Yesterday I went over to the Blender Institute to see if I could do a quicker, bigger test render. My idea was to render an image resembling my final result, but printable on A4 with my own printer. Nice idea, but… first, it wasn’t that much quicker… it was, but it still took hours. Then… the result… well… was rather disappointing.
Here’s the image as I created it.
Now… yeah I know it looks weird, but the entire idea for a Lenticular is that you slice together multiple images. In this case I used the maximum my printer can handle… an animation of 30 frames.
Here’s the rather crucial error I made in my thinking. The end result I want will be about 60cm (2 feetish) wide. But for the test I rendered the entire image at only 18cm (7inchish) wide. Which, at 600DPI is only 3600 pixels. And.. for every image you then only have one 30th of that. In this case… 120pixels per image. That is very very low resolution. You hardly get any detail at all. So the conclusion has to be that you should always print out your scene at the scale it’s going to be in the end product. And if you want a smaller test, do not resize the image, but in stead render a smaller portion of it (a crop).
The second error I made was the animation in the scene. Lenticulars work nice, but you nearly always see multiple frames at the same time (depending on your angle of view). That effect gets less the further away you stand, but it’s still there. So… if you’re animating… don’t overdo the motion! The difference between frames needs to be rather small. If an “object” is in a pixel at one frame, and the next frame a completely different object is there, that can be confusing.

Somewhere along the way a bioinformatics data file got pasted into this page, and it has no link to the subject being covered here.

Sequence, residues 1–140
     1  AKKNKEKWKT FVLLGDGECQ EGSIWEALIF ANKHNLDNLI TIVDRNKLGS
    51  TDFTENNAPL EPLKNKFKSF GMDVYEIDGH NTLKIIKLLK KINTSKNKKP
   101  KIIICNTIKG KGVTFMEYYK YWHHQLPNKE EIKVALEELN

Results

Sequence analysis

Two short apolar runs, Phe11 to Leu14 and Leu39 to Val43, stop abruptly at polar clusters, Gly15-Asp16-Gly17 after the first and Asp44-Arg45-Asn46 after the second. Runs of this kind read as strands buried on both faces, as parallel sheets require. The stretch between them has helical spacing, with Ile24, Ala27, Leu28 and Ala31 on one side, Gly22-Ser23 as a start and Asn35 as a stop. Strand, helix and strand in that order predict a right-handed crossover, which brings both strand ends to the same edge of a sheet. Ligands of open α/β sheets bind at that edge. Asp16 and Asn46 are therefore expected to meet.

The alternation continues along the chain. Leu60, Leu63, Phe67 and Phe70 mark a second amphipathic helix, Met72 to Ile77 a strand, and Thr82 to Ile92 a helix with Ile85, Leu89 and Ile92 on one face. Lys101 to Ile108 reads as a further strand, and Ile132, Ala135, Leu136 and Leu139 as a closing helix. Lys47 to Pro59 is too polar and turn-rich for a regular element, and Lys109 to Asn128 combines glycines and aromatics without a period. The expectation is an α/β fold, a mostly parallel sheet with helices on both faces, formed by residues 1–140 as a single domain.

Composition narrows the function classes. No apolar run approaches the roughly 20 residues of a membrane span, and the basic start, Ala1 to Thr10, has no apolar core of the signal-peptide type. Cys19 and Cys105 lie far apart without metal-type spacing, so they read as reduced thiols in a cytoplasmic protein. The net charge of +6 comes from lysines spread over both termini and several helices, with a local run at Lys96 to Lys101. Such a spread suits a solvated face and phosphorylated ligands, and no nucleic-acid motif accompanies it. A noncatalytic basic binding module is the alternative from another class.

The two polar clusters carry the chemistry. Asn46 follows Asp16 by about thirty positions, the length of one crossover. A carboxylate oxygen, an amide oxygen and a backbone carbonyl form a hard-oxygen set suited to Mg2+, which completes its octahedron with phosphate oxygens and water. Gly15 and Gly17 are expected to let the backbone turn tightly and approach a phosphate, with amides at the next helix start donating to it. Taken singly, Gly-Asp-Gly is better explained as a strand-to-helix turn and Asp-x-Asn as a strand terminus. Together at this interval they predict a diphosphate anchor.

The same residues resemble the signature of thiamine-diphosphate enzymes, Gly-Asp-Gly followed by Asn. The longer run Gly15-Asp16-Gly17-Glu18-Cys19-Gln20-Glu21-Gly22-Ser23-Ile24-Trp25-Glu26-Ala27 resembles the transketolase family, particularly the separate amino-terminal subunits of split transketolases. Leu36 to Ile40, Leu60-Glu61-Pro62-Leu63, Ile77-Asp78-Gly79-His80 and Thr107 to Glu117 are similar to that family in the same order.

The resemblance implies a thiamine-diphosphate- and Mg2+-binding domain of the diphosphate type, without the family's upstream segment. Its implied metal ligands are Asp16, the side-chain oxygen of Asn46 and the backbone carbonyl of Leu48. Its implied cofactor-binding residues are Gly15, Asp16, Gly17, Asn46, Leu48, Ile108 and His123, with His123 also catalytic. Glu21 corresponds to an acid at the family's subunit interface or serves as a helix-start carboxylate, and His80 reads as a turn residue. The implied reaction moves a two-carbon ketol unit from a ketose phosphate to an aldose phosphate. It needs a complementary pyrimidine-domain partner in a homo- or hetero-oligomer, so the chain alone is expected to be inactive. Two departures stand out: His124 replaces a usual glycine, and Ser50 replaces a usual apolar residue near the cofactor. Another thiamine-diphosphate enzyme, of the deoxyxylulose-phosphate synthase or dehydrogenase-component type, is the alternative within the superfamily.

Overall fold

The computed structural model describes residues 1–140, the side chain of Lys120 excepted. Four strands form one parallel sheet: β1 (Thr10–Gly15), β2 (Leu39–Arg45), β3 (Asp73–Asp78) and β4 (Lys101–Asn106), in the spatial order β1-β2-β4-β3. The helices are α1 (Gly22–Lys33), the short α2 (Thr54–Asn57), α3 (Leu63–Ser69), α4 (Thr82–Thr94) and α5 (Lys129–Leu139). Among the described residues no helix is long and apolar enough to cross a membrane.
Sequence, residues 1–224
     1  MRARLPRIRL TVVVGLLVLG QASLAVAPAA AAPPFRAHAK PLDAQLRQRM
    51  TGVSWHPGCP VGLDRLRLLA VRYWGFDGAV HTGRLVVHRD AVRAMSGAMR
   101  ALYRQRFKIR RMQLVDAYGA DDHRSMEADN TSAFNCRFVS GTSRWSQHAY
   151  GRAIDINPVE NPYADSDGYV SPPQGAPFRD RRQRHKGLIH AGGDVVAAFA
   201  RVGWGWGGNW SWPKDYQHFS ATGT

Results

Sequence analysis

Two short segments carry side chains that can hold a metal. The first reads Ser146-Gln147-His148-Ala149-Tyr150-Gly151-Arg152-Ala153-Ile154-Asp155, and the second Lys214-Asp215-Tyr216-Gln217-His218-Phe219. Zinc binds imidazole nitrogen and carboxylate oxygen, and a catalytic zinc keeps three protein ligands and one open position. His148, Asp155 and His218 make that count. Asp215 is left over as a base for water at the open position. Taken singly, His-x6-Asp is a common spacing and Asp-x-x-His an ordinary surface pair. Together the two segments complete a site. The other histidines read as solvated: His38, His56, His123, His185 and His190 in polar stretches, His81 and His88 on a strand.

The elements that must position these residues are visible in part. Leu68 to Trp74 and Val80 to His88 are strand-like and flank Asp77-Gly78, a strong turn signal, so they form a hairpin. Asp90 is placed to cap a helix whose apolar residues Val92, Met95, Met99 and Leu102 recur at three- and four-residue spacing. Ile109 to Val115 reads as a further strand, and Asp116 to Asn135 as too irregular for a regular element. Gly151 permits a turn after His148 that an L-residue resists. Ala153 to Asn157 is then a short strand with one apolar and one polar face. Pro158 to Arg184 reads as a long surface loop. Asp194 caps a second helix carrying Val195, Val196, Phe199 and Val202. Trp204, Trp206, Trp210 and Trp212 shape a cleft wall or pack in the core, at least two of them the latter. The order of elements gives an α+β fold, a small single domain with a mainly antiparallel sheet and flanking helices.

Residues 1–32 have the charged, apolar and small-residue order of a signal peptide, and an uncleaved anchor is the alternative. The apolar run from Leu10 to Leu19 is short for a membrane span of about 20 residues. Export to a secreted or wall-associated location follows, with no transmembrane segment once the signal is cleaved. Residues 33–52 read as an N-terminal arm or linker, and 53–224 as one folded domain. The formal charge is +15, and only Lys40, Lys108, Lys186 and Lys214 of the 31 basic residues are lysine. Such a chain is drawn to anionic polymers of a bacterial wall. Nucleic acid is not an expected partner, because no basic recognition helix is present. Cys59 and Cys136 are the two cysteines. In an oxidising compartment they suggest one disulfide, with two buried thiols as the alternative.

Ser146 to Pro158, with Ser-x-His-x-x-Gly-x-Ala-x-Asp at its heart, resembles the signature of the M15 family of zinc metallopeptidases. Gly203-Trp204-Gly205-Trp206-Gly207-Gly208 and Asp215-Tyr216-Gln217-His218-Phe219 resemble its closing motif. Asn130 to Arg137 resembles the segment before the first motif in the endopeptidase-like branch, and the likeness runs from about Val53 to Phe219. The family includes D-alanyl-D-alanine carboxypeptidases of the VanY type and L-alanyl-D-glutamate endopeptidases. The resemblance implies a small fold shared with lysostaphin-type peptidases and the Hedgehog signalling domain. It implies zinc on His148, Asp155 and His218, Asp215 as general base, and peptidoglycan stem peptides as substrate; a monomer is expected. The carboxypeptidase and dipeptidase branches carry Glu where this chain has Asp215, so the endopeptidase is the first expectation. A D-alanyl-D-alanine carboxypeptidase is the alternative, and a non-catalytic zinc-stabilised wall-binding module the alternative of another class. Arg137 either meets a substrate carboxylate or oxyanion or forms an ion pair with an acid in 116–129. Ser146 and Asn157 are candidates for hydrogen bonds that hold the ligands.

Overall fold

And last… my lighting was far too dark. I looked at the “levels” in GIMP, and well.. it’s rather silly. So I need to look at my lighting, and consider that prints are darker than lcd screens… yah… obvious.
For testing with a smaller part of the final image, you don’t really want to have to render the entire thing every time. It’s nicer to render just that part. Thankfully Blender has a “border render” function. So I wrote a tiny little script that calculates the “crop” of the render so I get a 18 x 18cm image (border render and crop in the render settings need to be enabled. And in this case I had the size of the render set as: 960 x 8010 pixels and at an aspect ratio of 15 to 1 (meant to be a single slice at 600DPI)
- import bpy
- # The target pixel size
- xFin = 4252
- yFin = 4252
- # The offsets (border positioning)
- xoff = 0.2
- yoff = 0.1
- scn = bpy.data.scenes
- rnd = scn.render
- xRes = rnd.resolution_x * rnd.pixel_aspect_x
- yRes = rnd.resolution_y * rnd.pixel_aspect_y
- xmin = 0.0 + xoff
- ymin = 0.0 + yoff
- xmax = ((1.0/xRes) * xFin) + xoff
- ymax = ((1.0/yRes) * yFin) + yoff
- print(xmin, xmax, ymin, ymax)
- rnd.border_min_x = xmin
- rnd.border_max_x = xmax
- rnd.border_min_y = ymin
- rnd.border_max_y = ymax
- print('-- finished --')
import bpy # The target pixel size xFin = 4252 yFin = 4252 # The offsets (border positioning) xoff = 0.2 yoff = 0.1 scn = bpy.data.scenes rnd = scn.render xRes = rnd.resolution_x * rnd.pixel_aspect_x yRes = rnd.resolution_y * rnd.pixel_aspect_y print('x',xRes) print('x',yRes) xmin = 0.0 + xoff ymin = 0.0 + yoff xmax = ((1.0/xRes) * xFin) + xoff ymax = ((1.0/yRes) * yFin) + yoff print(xmin, xmax, ymin, ymax) rnd.border_min_x = xmin rnd.border_max_x = xmax rnd.border_min_y = ymin rnd.border_max_y = ymax print('-- finished --')